(2) 1. ALLUCINGOLI, Uberto (?-before 1185)
Birth. (No date found), Lucca. Of a patrician family. Nephew of Pope Lucius III.
Education. (No informtion found).
Cardinalate. Created cardinal priest of S. Lorenzo in Damaso in the consistory celebrated at the beginning of 1182 (1).
Death. Before 1185 (2), (no place found). Buried (no information found).
Bibliography. Cardella, Lorenzo. Memorie storiche de' cardinali della Santa Romana Chiesa. Rome : Stamperia Pagliarini, 1792, I, pt. 2, 142-143; Chacón, Alfonso. Vitæ, et res gestæ Pontificvm Romanorum et S. R. E. Cardinalivm ab initio nascentis Ecclesiæ vsque ad Vrbanvm VIII. Pont. Max. 2 volumes. Romae : Typis Vaticanis, 1677, I, col. 1114; "Essai de liste générale des cardinaux. Les cardinaux du XIIè siècle". Annuaire Pontifical Catholique 1928. Paris : Maison de la Bonne Presse, 1928, p. 151.
(1) This is according to "Essai de liste générale des cardinaux. Les cardinaux du XIIè siècle". Annuaire Pontifical Catholique 1928, p.
151; Cardella, Memorie storiche de' cardinali della Santa Romana Chiesa, I, pt. 2, 142; and Chacón, Vitæ, et res gestæ Pontificvm Romanorum et S.
R. E. Cardinalivm, I, col. 1114, say that he was created cardinal in December 1181.
(2) According to Antoine Aubery, Histoire générale des cardinaux (5 vols. Paris : Jost & Soly, 1642-1649), he died during the pontificate of Pope Lucius III; Louis Mas-Latrie, Trésor de chronologie d'histoire et de géographie pour l'étude et l'emploi des documents du moyen âge (Paris: Librairie Victor Palmé, 1889), p. 1188; says that he died ca. 1202; Cardella, Memorie storiche de' Cardinali della Santa Romana Chiesa, I, pt.2, 143, indicates that his death occurred ca. 1186.
(3) 2. ETHERIANUS, Ugo (ca. 1115-1182)
Birth. Ca. 1115, Pisa. His last name is also listed as Ætherianus; as Eretrianus; as Etterianus; and as Heterianus.
Education. He studied in Paris, where he received a thorough training.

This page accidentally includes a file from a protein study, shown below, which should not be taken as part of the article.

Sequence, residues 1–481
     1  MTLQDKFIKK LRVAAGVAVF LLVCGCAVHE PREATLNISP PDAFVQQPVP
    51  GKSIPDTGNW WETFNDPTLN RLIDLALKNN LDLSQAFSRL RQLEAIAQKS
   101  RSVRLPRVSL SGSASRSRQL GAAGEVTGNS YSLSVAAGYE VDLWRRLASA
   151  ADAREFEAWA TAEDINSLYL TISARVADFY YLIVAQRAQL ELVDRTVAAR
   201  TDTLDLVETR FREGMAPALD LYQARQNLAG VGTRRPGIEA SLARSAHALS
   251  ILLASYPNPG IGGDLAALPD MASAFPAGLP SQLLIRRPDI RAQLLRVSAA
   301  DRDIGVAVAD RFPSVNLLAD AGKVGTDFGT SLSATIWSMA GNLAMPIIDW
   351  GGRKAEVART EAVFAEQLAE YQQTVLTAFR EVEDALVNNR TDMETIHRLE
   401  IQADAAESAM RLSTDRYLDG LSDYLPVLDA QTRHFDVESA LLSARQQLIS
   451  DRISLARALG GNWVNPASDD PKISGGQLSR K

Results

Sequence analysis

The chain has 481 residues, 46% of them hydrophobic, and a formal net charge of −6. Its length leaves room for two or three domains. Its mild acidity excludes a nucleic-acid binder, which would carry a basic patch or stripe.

Early life. In 1161, he went to the court of Emperor Manuel I Comnenus in Constantinople, where his brother Leone followed him five years later. As a staunch opponent of Demetrius of Lampe, he wrote to the Synod of Constantinople in April 1166 criticizing the errors of the Greek Church (1). His theological works, De sancto et immortali Deo (or De haresibus quas Graeci in Latinos devolvunt); De minorstate Filii hominis; Adversus Pstharenos; and Liber de anima corpore jam exuta sive de regressu animarum ab inferis ad clerum Pisanum, caught the attention of German theologians Gerhoh von Reichersberg and Peter von Vienna. He probably also wrote a short work, De Graecorum malis consuetudinibus. A Liber de immortali Deo, which has been lost. As a counselor to the imperial court, he had influence on the emperor's religious union politics.
Cardinalate. Created cardinal deacon of S. Angelo in Pescheria in the consistory celebrated at the beginning of 1182. Signed a papal bull dated July 14, 1182.
Death. December 7, 1182, Constantinople. Buried (no information found).
Bibliography. "Essai de liste générale des cardinaux. Les cardinaux du XIIè siècle". Annuaire Pontifical Catholique 1928. Paris : Maison de la Bonne Presse, 1928, p. 151; Mango, Cyril. "The Conciliar Edict of 1166." Dumbarton Oaks Papers, Vol. 17, (1963), 315-330.
Webgraphy. Biography, in English, Wikipedia.
(1) The emperor at the time was investigating the doctrinal views of Demetrius of Lampe, which were debated at the local council of Constantinople in 1166-1167; the council met under the presidency of the emperor to address the interpretation of John 14.28: "My father is greater than I"; Demetrius of Lampe, a Roman (Byzantine) diplomat recently returned from the West, had raised the issue to the emperor's attention; Demetrius ridiculed the way the verse was interpreted there: Christ was inferior to his father in his humanity, but equal in his divinity. The emperor thought the Western interpretation made good sense; he had the support of the patriarch, Luke Chrysoberges; the emperor, aided by the Latin theologian Etherianus, was adamant in rejecting the new doctrine: the Johannine text should be understood, he argued, as applying specifically to the human nature of Christ; the council started on March 2; those who refused to submit to the synod's decisions had their property confiscated or were exiled; anathemas were directed against Constantine the Bulgarian, formerly Metropolitan of Corfu, and John Irenicus, by the synod in 1166; a leading dissenter from the Emperor's doctrine was his nephew Alexios Kontostephanos.
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